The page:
‘We need 500 more reporters’

ExpressandStar.comKeith Harrison, deputy editor of the UK’s second biggest regional newspaper, the Wolverhampton Express & Star, talks to Journalism.co.uk about the web, citizen journalism and the financial bottom line.

Give me an overview of what the paper is doing online

“We did always have an internet operation, but there was always this septicism about putting material online to the detriment of the paper. Because of the herald of broadband, we set up a microsite for the World Cup last year and tried to do things in a completely different way; we brought in video bulletins from PA, we set up our own sort of daily Soccer AM show and got in our various local celebrities like Steve Bull, Paul Ince, Glenn Hoddle for video interviews.

“That worked really well and it was basically a testbed for what we could do technology-wise away from the main site. We took what worked from that and, in the context of a redesign for the full website, made video a central part of that so we needed some full-time video journalists, which we’ve now taken on. We’re doing two or three video reports a day, sports reports, one-on-ones – the Wolves reporter would be interviewed by the video journalist on a Friday afternoon for a preview of the game, things like that.

“They’re getting quite a lot of hits but we’ve found the thing that gets most is hard news stuff. Crashes, murders, any footage sent in by readers on cellphones of fires, thing like that.”

Have you got any examples of that?

“One guy who works for us, but not as a journalist, took some footage of a warehouse fire at the end of his road just on his mobile phone; we put it online, the quality wasn’t great, but I think people forgive you the quality because the content is that strong, and that went through the roof in terms of hits.

“During the World Cup, we said ‘send us your pictures’, and on the first day we got one, the second day maybe five, but by the end of the week we were getting 150 pictures a day.

“We’re setting up a community platform where there would be basically village correspondents who post on our website. The main thing is this dilemma of getting funding for it and changing the culture.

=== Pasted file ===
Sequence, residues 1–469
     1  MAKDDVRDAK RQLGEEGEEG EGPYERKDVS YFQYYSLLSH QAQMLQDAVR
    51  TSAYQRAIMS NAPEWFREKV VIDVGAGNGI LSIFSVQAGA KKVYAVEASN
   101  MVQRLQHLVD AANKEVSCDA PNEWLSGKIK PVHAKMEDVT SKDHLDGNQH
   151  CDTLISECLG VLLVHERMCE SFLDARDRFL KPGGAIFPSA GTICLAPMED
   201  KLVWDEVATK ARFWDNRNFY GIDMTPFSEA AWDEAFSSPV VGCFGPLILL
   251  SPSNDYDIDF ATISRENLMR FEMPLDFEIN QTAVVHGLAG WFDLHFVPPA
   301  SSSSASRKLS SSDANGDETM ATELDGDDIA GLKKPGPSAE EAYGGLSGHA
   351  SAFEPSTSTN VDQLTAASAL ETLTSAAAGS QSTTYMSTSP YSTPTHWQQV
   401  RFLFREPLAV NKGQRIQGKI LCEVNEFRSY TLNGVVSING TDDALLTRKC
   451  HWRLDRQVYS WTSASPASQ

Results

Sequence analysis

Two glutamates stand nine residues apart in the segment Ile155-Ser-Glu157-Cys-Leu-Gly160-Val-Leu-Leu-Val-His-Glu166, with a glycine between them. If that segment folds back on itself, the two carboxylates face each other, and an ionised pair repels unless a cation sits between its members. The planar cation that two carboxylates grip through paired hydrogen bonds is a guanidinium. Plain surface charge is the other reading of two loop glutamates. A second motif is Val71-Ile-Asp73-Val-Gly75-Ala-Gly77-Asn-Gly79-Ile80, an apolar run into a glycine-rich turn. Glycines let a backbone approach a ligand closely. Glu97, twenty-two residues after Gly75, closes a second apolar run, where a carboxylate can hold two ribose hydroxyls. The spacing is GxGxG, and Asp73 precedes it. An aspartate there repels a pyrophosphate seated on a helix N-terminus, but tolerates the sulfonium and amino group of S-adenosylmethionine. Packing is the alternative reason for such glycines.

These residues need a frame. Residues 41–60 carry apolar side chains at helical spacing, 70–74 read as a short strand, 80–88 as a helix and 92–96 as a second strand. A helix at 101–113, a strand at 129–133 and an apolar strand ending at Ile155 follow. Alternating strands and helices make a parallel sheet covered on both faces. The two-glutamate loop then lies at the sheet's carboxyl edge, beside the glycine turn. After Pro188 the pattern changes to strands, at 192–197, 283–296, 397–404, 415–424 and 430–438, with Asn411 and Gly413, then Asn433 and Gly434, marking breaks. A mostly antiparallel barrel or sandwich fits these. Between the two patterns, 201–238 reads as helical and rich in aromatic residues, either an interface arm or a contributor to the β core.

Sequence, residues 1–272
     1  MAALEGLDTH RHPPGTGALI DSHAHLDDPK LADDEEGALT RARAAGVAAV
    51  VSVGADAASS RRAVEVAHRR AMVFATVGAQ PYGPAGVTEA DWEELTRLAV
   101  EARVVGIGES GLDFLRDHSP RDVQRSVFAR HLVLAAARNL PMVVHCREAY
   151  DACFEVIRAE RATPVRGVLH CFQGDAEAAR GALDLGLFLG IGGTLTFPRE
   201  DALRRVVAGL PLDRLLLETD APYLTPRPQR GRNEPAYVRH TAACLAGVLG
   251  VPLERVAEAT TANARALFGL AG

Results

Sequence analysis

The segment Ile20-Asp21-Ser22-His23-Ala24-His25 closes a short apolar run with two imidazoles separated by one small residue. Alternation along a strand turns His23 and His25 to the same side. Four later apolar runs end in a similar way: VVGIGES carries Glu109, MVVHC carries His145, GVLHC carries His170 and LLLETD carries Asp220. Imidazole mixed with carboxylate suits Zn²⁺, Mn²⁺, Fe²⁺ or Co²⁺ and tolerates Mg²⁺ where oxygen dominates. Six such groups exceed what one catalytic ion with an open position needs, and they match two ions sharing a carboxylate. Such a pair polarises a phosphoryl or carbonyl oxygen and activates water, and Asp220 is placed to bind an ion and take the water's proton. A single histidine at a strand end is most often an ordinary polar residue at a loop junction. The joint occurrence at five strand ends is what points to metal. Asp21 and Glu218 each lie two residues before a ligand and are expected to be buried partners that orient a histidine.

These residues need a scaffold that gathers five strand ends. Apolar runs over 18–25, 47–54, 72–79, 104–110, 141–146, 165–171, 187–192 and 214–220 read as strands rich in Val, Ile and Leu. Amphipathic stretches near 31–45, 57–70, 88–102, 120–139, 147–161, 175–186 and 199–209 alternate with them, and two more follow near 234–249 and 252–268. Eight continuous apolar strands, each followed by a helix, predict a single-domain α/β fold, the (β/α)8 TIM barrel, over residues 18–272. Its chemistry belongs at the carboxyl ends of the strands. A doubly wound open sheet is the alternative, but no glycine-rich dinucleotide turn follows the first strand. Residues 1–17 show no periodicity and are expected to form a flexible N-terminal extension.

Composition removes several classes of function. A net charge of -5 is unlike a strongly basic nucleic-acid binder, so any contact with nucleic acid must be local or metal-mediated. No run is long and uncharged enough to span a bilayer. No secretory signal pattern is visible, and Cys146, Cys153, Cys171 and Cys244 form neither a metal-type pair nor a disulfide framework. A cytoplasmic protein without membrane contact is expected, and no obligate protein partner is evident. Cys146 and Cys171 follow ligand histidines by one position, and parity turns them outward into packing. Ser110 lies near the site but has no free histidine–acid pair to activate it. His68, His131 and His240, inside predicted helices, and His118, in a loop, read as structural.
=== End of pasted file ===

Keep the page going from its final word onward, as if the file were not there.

You seem, if not sceptical, as though you are looking for some evidence

“Financial evidence. Editorially, journalists have embraced it, we’ve seen great enthusiasm from photographers, from journalists. What we’ve got to do is make a financial argument for it so we can make this tipping point. There’s a lot of goodwill on the floor, a lot of enthusiasm from the reporters, but we just need to get everybody to accept this is where we’re going to go. The big barrier is the financial one because, at the moment, we charge 35p a night for our product and you can get it online for free. It’s a sticking point.

“We need to stress, when we’re talking to management, that it’s not an either-or situation –  it’s an as-well-as [both newspaper and website are important]. In fact, the evidence we’ve heard is that it hasn’t actually damaged that circulation that much because you’re selling to a different audience, a younger audience who have got BlackBerrys or whatever and are much more computer-literate, maybe an international audience or expats.”

Local news seems like a particularly tough play for a younger audience, would you agree?

“When the comet struck the earth and the dinosaurs were wiped out, the things that survived were the ants and the tiny insects. The comet has now hit the earth and it’s the smaller, micro-local news that’s going to survive and we’re going to grow into the next generation of news delivery, which could be online.

“If you wanted to say ‘the dress circle is meeting at 7.30pm at Mrs Miggins’ House in Accacia Avenue’, the only way you could do that 20 years ago was in a newspaper. [Now, people use the internet] – we’ve got to embrace them because, if we don’t do it, other people will. We need to exploit the brand loyalty and trust that we have.

“Ultra-local is definitely the way to go. If you promise ultra-local, you’ve got to be able to deliver it. The number of journalists we have [60] is huge compared with many other regional papers – but, even with that many, we can’t deliver ultra-local news all the time. To do it, we’re going to need another 500 reporters – we can’t take them on, they’re going to need to be citizen journalists. They want to get this information out there; we need to say ‘yes, we’ll be your electronic parish noticeboard, come give it to us and it will be in the Express & Star’ – whereas, if you just set it up on your own, you’re only going to have a limited audience.

“The only way we can do it is not by paying our full-time staff to do it but by giving our readers outside the opportunity to do it and for them to contribute and feel part of the newspaper.”

The notion of ‘citizen journalism’ seems to have matured since the initial euphoria

“It’s become, in the last six months, a really cliched word, ‘interactivity’ – that’s what we’ve always done. On your first in the job, you sit down, pick up a phone and say ‘Mr Smith, I believe you’ve got the dominoes night who won the dominoes?’ We’ve still got a guy who sends up the pigeon club report on the back of a postcard, which he’s probably done for the last 50 years, which is fantastic.

That is interaction. It sounds as though interaction has just been invented in the last six months, but that’s what we’ve always done. All we’re talking about is different channels of interaction – everybody’s now walking around with a mobile phone, you’re texting your mates six times a day, just text us with your opinions on, you know, Wolves re-signing Steve Bull.”